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Why It's So Hard to Figure Out the Real Dangers of Stoned Driving

Photo by Anthony Camera

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Colorado Division of Criminal Justice
Detection and Law Enforcement Training

The main ways of detecting marijuana impairment, the report states, "are behavioral and toxicological. The former comes in the form of observations by law enforcement officers during psychophysical roadside tests, and the latter comes in the form of chemical tests of breath and bodily fluids."

When in the behavior-assessment mode, officers in Colorado are likely to use one of three main approaches: Advanced Roadside Impaired Driving Enforcement (ARIDE), Drug Recognition Expert Training (DRE) or Standardized Field Sobriety Testing (SFST). Trainings in this last methodology are supplemented by so-called wet labs, at which "law enforcement can participate in mock contact with a volunteer who has or has not consumed alcohol. The consumption is concealed and occurs in a separate setting from officers. Law enforcement interacts with these volunteers as though they are suspected of impaired driving and implement the battery of tests to detect and assess impairment."

In contrast, there's only one marijuana-focused training lab in the entire state: "The Green Lab," set up in September 2015. As of July 2018, only 410 law enforcers in the state had undergone training at the facility, as compared to 5,674 active SFST operators.

The report maintains that "training to detect drugged driving impairment is critical for peace officers because there is no equivalent to the preliminary breath alcohol test (PBAT) for other drugs." But it's simply not happening at a level comparable to educational efforts pertaining to alcohol intoxication.

Field Sobriety Efficacy and Delta-THC Levels

Police officers frequently try to employ the same field tests used to determine alcohol impairment on drivers they think may be stoned. Some work okay, the authors of the report state; others, not so much.

Cited is a 2016 study that found the Horizontal Gaze Nystagmus analysis that's a staple of roadside testing for suspected drunk drivers "is not exhibited or expected in cannabis consumers." In contrast, the Lack of Convergence test was "a strong indicator of cannabis presence," as were the One Leg Stand and the Walk and Turn. Yet "despite individuals exhibiting clues of impairment during these standardized roadside tests, no correlation was found between the tests and Delta-9 THC concentration in whole-blood samples," the report acknowledges.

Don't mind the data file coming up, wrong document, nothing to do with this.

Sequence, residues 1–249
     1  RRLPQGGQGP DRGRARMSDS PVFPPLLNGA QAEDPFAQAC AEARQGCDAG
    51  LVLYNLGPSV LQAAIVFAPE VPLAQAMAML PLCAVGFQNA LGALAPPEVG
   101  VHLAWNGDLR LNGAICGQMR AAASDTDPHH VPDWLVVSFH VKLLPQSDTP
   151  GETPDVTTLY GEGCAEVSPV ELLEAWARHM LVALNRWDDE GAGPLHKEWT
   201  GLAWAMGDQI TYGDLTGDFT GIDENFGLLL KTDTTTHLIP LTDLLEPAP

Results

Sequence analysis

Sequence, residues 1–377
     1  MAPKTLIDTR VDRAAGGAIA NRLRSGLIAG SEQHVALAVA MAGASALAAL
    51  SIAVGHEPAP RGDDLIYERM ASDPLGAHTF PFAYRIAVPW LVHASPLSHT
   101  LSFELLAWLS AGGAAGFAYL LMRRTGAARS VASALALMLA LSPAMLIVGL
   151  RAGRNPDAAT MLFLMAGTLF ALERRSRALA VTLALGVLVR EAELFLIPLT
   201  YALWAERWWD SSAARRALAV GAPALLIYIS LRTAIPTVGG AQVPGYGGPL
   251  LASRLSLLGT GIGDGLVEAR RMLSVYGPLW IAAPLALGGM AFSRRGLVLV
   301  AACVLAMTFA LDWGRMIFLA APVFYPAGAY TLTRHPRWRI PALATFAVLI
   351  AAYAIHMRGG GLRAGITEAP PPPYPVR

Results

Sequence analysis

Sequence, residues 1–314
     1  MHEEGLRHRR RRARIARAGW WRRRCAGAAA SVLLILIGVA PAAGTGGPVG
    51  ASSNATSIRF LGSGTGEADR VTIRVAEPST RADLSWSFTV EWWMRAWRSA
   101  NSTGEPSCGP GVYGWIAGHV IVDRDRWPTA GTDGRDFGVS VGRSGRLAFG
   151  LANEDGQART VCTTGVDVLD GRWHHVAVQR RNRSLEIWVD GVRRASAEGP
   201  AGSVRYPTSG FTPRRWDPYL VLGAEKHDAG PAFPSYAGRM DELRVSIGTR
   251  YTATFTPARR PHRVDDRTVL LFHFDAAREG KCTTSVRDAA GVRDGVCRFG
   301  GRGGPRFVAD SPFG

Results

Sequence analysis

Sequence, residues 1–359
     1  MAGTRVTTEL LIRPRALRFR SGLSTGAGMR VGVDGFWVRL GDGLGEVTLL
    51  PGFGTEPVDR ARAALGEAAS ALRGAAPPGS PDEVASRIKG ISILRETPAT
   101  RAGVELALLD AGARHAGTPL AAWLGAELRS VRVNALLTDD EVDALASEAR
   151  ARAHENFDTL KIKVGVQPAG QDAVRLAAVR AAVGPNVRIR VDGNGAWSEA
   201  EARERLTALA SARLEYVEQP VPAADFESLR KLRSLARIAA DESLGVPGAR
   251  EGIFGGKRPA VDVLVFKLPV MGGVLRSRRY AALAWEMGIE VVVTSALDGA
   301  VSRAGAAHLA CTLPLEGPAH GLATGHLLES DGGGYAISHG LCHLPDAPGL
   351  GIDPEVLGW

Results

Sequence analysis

Another study found that pupil dilation, elevated pulse, the Lack of Convergence test and "the exhibition of impairment clues in two other psychophysical tasks were best at indicating impairment. However, the latter results were only for exams administered by Drug Recognition Experts. Again, there was no correlation in this study between test performance and whole-blood THC."

In recent years, manufacturers have attempted to come up with a cannabis equivalent for preliminary breath alcohol tests, which aren't admissible in court but are considered to be good screening tools. But a National Highway Traffic and Safety Admission study referenced in the report admits that the oral-fluid roadside tests developed to date "have not been shown to be completely reliable and accurate" when it comes to making distinctions between occasional and heavy users or the method of consumption.

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Colorado Division of Criminal Justice
Marijuana Impairment

A Colorado Department of Public Health and Environment review from last year found that "recent marijuana use increases a driver’s risk of a motor vehicle crash, less-than-weekly marijuana users exhibit meaningful driving impairment with THC levels of 2-5 ng/mL or ingestion of 10 mg or more of THC, combining marijuana and alcohol increases impairment and motor vehicle crash risk more than each alone" and "delaying driving for a minimum of six hours after smoking allows THC-induced impairment to resolve for less-than-weekly users at 18 mg of THC."

Still, the report stresses that plenty of uncertainties remain. One study cited by the authors determined that THC didn't have an effect on a driver's "time and distance perception," while another one found the opposite.  Likewise, a separate analysis showed that reaction time increased with THC impairment for both occasional and frequent users, while another one didn't register similar delays.

Such differences pop up again and again in the report. Take this excerpt: "Some studies find that, in comparison to drivers with no cannabis, there is no significant crash risk associated with cannabis impaired driving. However, other studies find that there is a higher crash risk associated with cannabis consumption."

So what's the truth? Researchers continue to seek it out — but as of now, consensus is hard to come by.

Click to read the Colorado Division of Criminal Justice's "Driving Under the Influence of Drugs and Alcohol" report.
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Michael Roberts has written for Westword since October 1990, serving stints as music editor and media columnist. He currently covers everything from breaking news and politics to sports and stories that defy categorization.
Contact: Michael Roberts